Now came the fun part: planting!

I filled the first bed with all of my culinary herbs: marjoram (oregano's wild cousin), sorrel (Jeffrey eats the sour stuff like lettuce, although I'm still searching for a recipe I can use it to cook with), thyme, bay (moving a plant from a pot in my front flower bed), chives, and bronze fennel. I actually might take the fennel out. I've never used it, although I think it is gorgeous and every year the swallowtail zebra caterpillars come out and munch on it, giving us lots of entertainment. I also transplanted my poor leeks again. Bless their hearts. Daddy gave them to me, thinking they were garlic. I let them get killed down to nothing in one drought after basically just sticking them in the ground in a very clay-y section of the garden. I moved them last year in the middle of the season to a different spot, at which point in time they died back to nothing. They came up again a few weeks ago, so I'm hoping they'll revive themselves for the summer. I think they make a pretty divider between the cooking herbs and the tea herbs, which are right now limited to a lemon balm that was basically forced into submission by my insane lavender last year and the catnip that refuses to die. It's the fifth or sixth generation of catnip I brought to The Manor from The Lovenest, our tiny little first house. I also plopped the volunteer lettuces in.

To the culinaries, I'll add basil, dill, cumin, parsley, garlic, horseradish, and cutting celery. I also might throw in some Greek or Cuban oregano (although I'm put off by the fatness of the leaf--anybody use this stuff for cooking?) and some lovage. I'd like to put in some orange mint, but it's sometimes hard to find. I like this mint in spaghetti sauce and it's not as invasive as some of the other mints. I'm going to get some Vietnamese coriander, as well, but it's crazy-invasive, so I'm going to stick it in the ground next to our garden hose, as it also likes damp soil. This is a great plant for warm climates--it has the taste of coriander (cilantro, whatever) with a peppery aftertaste AND it's a perennial. It goes wonderfully in all of the recipes that call for cilantro. Any other suggestions? (And keep in mind that although the raised-bed method allows for a good deal of stuffing in of plants, I'll be using the bed opposite this one for more herbs as well as lettuces, so I'm open to a LOT of suggestions.)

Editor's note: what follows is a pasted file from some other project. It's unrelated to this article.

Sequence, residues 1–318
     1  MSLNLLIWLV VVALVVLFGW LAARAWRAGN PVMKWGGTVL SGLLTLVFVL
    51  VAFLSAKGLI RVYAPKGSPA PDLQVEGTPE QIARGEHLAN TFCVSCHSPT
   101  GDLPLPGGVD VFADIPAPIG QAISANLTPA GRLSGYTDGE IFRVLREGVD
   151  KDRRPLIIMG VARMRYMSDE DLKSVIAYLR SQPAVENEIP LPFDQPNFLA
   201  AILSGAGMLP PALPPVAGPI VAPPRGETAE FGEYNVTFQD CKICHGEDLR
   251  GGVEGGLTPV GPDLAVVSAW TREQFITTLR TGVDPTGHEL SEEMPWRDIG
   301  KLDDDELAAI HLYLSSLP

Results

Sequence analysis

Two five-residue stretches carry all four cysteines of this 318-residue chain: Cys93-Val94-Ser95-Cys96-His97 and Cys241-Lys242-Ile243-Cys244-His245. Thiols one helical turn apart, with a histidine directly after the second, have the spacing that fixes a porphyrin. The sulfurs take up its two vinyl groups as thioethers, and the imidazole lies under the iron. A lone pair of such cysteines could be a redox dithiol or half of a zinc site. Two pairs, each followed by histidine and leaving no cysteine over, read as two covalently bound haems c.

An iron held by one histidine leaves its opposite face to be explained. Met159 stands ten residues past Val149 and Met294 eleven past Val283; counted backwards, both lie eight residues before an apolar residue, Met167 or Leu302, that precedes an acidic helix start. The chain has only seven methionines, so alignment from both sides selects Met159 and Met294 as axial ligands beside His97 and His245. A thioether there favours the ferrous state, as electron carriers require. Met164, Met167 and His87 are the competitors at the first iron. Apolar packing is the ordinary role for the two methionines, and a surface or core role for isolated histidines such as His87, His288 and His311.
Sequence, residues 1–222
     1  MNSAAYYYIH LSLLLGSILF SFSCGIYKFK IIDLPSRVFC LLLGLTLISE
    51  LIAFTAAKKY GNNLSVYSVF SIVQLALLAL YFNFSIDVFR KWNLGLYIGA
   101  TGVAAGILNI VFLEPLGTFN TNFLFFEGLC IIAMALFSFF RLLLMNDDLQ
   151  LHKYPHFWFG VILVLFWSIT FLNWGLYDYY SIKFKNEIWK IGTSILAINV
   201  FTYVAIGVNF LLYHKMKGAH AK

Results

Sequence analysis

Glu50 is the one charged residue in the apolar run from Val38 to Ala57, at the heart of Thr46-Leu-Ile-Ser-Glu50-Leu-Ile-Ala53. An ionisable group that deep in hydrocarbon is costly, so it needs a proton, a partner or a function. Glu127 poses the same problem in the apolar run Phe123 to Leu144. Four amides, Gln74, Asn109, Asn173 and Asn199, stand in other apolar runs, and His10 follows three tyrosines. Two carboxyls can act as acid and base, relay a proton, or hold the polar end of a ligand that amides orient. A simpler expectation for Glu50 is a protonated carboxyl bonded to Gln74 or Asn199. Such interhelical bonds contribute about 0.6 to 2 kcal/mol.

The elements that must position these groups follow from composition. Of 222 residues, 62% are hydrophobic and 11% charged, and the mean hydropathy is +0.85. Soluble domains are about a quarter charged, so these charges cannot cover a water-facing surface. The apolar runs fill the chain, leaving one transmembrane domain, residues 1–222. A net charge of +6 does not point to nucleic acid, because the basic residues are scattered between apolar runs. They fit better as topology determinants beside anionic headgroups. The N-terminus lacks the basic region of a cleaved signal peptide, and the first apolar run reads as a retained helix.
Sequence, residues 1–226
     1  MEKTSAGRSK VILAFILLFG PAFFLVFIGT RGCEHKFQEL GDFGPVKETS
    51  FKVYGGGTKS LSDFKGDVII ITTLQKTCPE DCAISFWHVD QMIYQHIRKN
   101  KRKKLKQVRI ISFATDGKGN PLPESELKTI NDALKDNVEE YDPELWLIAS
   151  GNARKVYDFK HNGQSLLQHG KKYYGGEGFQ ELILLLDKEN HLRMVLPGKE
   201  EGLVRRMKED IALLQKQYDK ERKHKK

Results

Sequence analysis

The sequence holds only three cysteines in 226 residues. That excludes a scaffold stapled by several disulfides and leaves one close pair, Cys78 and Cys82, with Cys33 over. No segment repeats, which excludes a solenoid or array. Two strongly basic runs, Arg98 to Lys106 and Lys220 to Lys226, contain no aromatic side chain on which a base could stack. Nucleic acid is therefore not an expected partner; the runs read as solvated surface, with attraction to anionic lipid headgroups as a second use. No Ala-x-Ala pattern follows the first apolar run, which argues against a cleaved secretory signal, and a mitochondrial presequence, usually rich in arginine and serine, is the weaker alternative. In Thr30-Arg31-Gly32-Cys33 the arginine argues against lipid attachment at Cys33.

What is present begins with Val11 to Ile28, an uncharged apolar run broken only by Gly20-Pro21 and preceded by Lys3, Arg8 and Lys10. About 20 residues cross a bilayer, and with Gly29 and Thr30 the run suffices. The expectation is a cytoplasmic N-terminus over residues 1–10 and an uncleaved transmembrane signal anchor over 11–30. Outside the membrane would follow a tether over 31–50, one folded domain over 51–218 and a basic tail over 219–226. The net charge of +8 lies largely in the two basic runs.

For the teas, I'm putting in chamomile and anise hyssop. I might sink a pot or two of apple or chocolate mint, but I'm wary of the invasiveness of it. I welcome any suggestions for good tea plants. I have lemon balm, as I said, but I really don't care for the taste of it--it seems sort of soapy to me. I do like to grind the leaves in the disposal to freshen it up, though, and I think it's a pretty plant.
I left the lavender in the wheelbarrow for now. I'm planning a medicinal/cosmetic herb bed for another section of the yard which will contain the lavender AND soapwort, meadowsweet, calendula, echinacea, feverfew, and maybe some elacampane.

Today I'll be buying some seeds online (it's too late to start seeds indoors here, probably, but I'm hoping that with my new and improved kickass soil, I'll have better luck with direct sowing than in the past) and checking out the lettuces available at our local nurseries. I'm feeling very excited about the garden this year.

Isn't it pretty so far?

Reworking the Garden, Day Three

After a break for geocaching, we got back to work on the garden. Jeffrey and I raked pinestraw out of the entire thing to be put on the burn pile. It's true that pine straw will compost and a LOT of it gets put in the bin. However, pine straw has a tough outer "shell" that causes it to break down more slowly. Also, it is an "acid" and can get your pH all wonky if you have too much in your garden. Tomatoes love it...sweet peas, not so much. So I have to be careful with it. Mountain mint loves pine straw, too. Although, actually, mountain mint would probably love the cold, hard floor of a troll dungeon. This stuff grows ANYWHERE. (And is lovely with its purple stems and leaf-undersides. I like to pull it up just to sniff it for a little pick me up--it's powerful stuff.)

After removing my herb garden to Jeffrey's wagon and one of the wheel barrows
(and finding and taking a ridiculously long time getting a good shot of some volunteer leaf lettuces)

we set about tilling. (And by "we," I mean Will.) We're tilling the garden despite using raised beds for a few reasons. First, it will smooth out the lumps caused by my raised herb patch and lettuce bed. Second, it will give us a clean slate to work with and plan for. Third, it will break up the topsoil to make placing our frames easier AND to allow us to scoop dirt from the paths between the frames to place in the frames. Yay, tilling! Hey, know what gets caught in tillers besides pine straw? Rocks.

Boo, rocks!

In any case, by the end of day three, we had tilled most of the garden and Will had built three more frames. We were almost ready to start filling and planting! Woohoo!

In celebration, I tried to get arty with the catnip and lavendar in the wheel barrow. Our cat loves catnip and I was tickled to realize as I dug up the billions of volunteers that it really does smell like CK1. Also, it's hard to be arty with it. Which didn't tickle me that much, really. Note the everpresent pine straw.